Injured in a Water Skiing Accident, Who is at Fault?
- Author Aaron Crane
- Published June 21, 2016
- Word count 800
Water skiing is an enjoyable activity that offers plenty of opportunity to feel free under the sun. Of course, water skiing is a sport conducted at high speed, behind a boat and inevitably involving a big splash in the water when the ride is over.
When something goes wrong during water skiing and injuries occur, who is responsible? A qualified personal injury attorney can help you find the right answers in your case.
Determining responsibility in these types of sports and recreation injury cases can be difficult. But it is very important to know where liability falls, when things go awry. Regardless of whether sustained injuries are from hitting the water too hard, colliding with an object, lack of swimming ability or other causes, calling an experienced law firm is the right decision.
--- Water Skiing Safety Is Critical ---
Lawsuits from water skiing injuries can be avoided through proper operation of equipment and safety measures. Water skiers should always wear a safety vest, know how to swim, and have good understanding of rules put in place for their own protection. When operating a boat that pulls skiers, it is important that a driver is trained in how to perform behind the wheel, knows where lifesaving equipment is located on the boat, and knows how to render lifesaving aid. Preparedness is key, but safe operation of the boat and properly pulling the skier are critical.
When accidents do occur, quick response is essential. When auto accidents happen, drivers are instructed to call EMTs and wait for their arrival for professional evaluation of injuries. But in an accident on or near the water, it may be necessary to proceed with emergency aid before the professionals arrive. Around water, accidents often involve open wounds, broken bones and possible drowning. So it is very important that the victim is stabilized, transported to land and readied for pickup by emergency teams.
One important thing to remember when providing first aid is that spinal injuries may be involved. Ensure their neck and back are supported and slowly return them to shore while avoiding choppy water, high speed, or extreme jarring from boat movement. Prevention of additional injuries is critical.
--- Negligence in Water Skiing Accidents ---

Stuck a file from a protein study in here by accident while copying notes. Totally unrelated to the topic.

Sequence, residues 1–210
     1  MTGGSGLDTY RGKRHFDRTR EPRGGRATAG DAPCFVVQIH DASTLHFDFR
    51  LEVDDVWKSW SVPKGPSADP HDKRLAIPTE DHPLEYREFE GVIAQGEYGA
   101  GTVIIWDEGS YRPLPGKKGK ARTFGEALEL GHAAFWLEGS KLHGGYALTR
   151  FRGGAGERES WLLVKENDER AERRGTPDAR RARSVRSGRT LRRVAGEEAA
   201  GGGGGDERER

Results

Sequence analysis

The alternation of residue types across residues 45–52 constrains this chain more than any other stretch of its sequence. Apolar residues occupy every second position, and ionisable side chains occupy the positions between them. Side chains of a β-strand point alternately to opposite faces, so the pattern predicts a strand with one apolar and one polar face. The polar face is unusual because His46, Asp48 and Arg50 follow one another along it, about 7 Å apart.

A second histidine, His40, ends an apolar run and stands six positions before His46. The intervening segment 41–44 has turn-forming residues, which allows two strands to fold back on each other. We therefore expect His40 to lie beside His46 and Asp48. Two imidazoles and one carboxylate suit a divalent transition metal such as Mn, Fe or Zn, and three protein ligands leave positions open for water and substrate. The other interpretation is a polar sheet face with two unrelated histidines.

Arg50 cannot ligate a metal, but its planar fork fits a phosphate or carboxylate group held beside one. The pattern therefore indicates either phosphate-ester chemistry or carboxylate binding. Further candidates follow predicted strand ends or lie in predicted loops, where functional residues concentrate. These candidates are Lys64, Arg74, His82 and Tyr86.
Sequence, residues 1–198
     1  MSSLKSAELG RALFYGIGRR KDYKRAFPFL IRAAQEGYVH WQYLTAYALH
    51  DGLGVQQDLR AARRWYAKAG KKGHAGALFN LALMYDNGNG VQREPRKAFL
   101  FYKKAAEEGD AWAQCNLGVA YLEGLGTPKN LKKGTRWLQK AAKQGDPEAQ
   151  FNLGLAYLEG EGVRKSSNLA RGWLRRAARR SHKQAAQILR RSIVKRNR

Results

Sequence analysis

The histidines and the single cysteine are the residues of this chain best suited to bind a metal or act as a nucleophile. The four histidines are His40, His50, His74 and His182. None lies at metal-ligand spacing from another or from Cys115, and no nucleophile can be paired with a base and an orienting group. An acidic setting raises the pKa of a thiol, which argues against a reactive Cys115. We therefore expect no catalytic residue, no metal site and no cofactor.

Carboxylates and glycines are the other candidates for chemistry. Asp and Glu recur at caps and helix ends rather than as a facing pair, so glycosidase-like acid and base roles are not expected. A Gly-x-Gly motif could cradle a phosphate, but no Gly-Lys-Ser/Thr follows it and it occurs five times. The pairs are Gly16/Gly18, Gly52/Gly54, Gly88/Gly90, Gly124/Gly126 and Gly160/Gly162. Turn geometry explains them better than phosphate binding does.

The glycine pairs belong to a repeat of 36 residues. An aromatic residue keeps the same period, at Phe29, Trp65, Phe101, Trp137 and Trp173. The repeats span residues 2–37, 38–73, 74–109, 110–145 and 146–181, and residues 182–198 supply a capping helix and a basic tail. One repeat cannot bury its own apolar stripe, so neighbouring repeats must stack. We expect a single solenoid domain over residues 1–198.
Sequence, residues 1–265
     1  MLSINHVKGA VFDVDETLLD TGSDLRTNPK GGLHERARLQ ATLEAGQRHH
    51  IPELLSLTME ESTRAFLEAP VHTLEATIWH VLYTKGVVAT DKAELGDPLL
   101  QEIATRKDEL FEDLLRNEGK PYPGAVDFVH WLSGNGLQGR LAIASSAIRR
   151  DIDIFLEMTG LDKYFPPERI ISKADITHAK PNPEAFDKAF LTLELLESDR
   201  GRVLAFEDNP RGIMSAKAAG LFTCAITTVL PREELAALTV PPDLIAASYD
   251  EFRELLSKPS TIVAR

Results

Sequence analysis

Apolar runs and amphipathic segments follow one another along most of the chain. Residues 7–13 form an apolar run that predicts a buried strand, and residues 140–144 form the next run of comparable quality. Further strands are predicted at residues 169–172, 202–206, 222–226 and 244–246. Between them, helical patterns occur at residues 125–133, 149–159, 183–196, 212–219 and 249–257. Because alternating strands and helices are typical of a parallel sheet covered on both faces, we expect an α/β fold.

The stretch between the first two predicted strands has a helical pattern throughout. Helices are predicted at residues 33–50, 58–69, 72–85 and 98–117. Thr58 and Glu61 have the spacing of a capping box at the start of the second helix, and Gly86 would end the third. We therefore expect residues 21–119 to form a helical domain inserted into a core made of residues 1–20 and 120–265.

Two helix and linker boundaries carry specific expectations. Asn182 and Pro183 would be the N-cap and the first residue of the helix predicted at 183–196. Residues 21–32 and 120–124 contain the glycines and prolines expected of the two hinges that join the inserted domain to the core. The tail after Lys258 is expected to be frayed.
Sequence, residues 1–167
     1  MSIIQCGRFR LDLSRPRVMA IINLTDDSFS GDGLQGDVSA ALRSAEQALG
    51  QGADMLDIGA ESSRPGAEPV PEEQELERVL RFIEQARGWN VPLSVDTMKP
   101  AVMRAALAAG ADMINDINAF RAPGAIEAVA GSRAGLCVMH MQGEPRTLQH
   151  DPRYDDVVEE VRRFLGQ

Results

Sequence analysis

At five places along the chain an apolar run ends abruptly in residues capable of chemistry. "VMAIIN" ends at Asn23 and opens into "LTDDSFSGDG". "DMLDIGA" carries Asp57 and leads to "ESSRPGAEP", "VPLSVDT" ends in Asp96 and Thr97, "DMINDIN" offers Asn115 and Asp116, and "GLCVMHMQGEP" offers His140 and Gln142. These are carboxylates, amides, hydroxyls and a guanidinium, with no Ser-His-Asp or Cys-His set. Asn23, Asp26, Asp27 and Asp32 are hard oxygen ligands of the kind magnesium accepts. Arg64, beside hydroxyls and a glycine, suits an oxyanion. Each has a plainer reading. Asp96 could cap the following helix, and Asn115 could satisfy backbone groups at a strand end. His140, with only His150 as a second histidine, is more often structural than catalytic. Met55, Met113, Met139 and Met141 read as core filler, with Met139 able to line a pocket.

Determining who is responsible in water skiing accidents can be as difficult as it is for other types of injuries. There is risk in water skiing, even when everything is properly executed and safety precautions are taken. Because of this risk, many states consider water skiers responsible for their own risk. That means that others may not be held liable when an accident occurs, unless gross negligence is discovered or the accident was found to be due to intentional actions.
In other states, liability is determined in a manner similar to a car accident case. Considerations include:
Who caused the injury
Was the injury avoidable
What was the proportionate level of fault for the boat driver
How much was the skier to blame
Were third parties at fault in some manner
Were alcohol or drugs involved
Did the boat operator drive into a dangerous area
Was the skier being reckless or engaging in dangerous behavior
Was the accident avoidable with reasonable care
--- Legal Considerations of a Water Skiing Accident ---
When a water skiing accident occurs, all of the aforementioned factors are included in legal consideration. A negligence standard will most often be how the case is determined. The plaintiff is responsible for showing that a duty of care was owed by the defendant, that the duty of care was not met, and injuries to the plaintiff resulted from that failure to provide a duty of care.
When negligence is determined, the defendant will often try to show how the plaintiff was responsible for his or her own injuries. An argument based on assumption of risk may arise. This argument is that the activity holds inherent danger known to those who engage in water skiing. It also will be used to show how that means that the water skier knew about the risk and accepted responsibility for the potential injury when participating in the activity.
Those assumption of risk arguments will not be effective against gross negligence or intentional misconduct, of course. But if the plaintiff is shown to have acted inappropriately in a manner that caused their own injury, the defendant's liability may be reduced.
Things can get fairly complex at this point, when plaintiff behavior and assumption of risk are called into question. This is why it is so important to work with an experienced lawyer who has handled water skiing and other accident claims successfully in the past. An experienced, licensed attorney from a reputable law firm can help you navigate the maze of complicated laws to determine potential liability and damages for your injuries.
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